Machine-learned potentials in molecular simulation: best practices and tutorials
Since the seminal work of Behler and Parrinello in 2007,1 machine-learned potentials in molecular simulations have developed into a vibrant research field with new developments and different applications coming at an astonishing rate. Progress has been made in the design of new molecules and materials,2,3 the simulation of the movement of molecules and materials4-8 or in finding the solution to the Schrödinger equation. Much progress has been driven by the development of new descriptors to represent molecules and materials in 1D, 2D, and 3D.12-15 A multitude of programs, tools or interfaces between machine learning and traditional theoretical programs like classical force fields, molecular dynamics programs7,16,17 or quantum chemical programs to, e.g., accelerate the self-consistent field convergence,18 have been described and are still in active development19,20 to facilitate research in this field.21
The goal of this workshop is to bring together a small group of people, who have on one side contributed significantly to the advancement of machine learning in the aforementioned areas and on the other side work in research areas that have not yet or have hardly been touched by machine learning. This teaming up of researchers should lead to lively discussions and the identification of best-practices and tutorials to make machine learning more accessible to other chemistry research fields and researchers who enter this field. We suggest to use the concepts developed by the Living Journal of Computational Molecular Science (LiveCoMS; https://livecomsjournal.org/index.php/livecoms/), which provides a peer-reviewed home for manuscripts that share best practices in molecular modeling and simulation. LiveCoMS publishes living documents, which are regularly updated with community input, which is excellently suited for a dynamic research field as machine learning.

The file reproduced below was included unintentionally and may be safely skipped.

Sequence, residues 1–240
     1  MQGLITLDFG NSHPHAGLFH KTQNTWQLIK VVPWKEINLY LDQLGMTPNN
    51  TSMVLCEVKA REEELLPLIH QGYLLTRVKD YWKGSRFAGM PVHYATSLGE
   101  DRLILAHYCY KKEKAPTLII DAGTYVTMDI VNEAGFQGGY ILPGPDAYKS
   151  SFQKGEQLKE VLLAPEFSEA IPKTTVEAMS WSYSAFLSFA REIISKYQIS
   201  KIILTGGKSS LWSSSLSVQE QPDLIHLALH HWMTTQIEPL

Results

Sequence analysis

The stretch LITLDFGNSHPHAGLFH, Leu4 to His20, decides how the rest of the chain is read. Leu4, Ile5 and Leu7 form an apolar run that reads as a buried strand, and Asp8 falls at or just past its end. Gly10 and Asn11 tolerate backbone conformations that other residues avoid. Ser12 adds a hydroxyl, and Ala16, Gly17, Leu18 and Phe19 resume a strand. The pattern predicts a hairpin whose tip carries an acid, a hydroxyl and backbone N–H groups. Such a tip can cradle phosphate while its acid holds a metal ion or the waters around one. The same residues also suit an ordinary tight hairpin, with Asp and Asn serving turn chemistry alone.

The aim at the workshop is to actively work together in small groups to formulate best practices and tutorials in topics like:
“ML basics”,15,22 where we aim to provide best practices and tutorials for machine learning training, validation, and also data curation – one of the most critical tasks in any machine learning study. We will bring together scientists and perspectives from the field of molecular chemistry and material science.
“ML/MM molecular dynamics”,6,7,23 “ML molecular dynamics in the ground state”,4,5 “ML photodynamics”,8,24 and “ML quantum dynamics” 27,28 which all focus on the investigation of the movement of molecules and materials. These topics will be discussed independently from each other with experts in each field initially to subsequently identify common ground and areas.
“ML for molecular materials design”,2,25,26 with a focus on unsupervised generative learning. Generative models mainly focus on molecular systems, but often face difficulties when being applied to materials,2 which will be discussed with machine learning26,29-31 and material science experts.32,33
By bringing together experts in the field and less-experienced researchers, we hope to lay the foundation for several such manuscripts and future collaborations that can be kept alive and updated in a community effort over the course of the next couple of years. This can be a general description of the best practices in ML and concrete tutorials for different kind of models (for example ANI,34 kernel methods,15,22,35 SchNet,13,16,17 equivariant representations12,14,36 – among others).
Chris Oostenbrink (University of Natural Resources and Life Sciences, Vienna (BOKU)) - Organiser
Julia Maria Westermayr (Leipzig University) - Organiser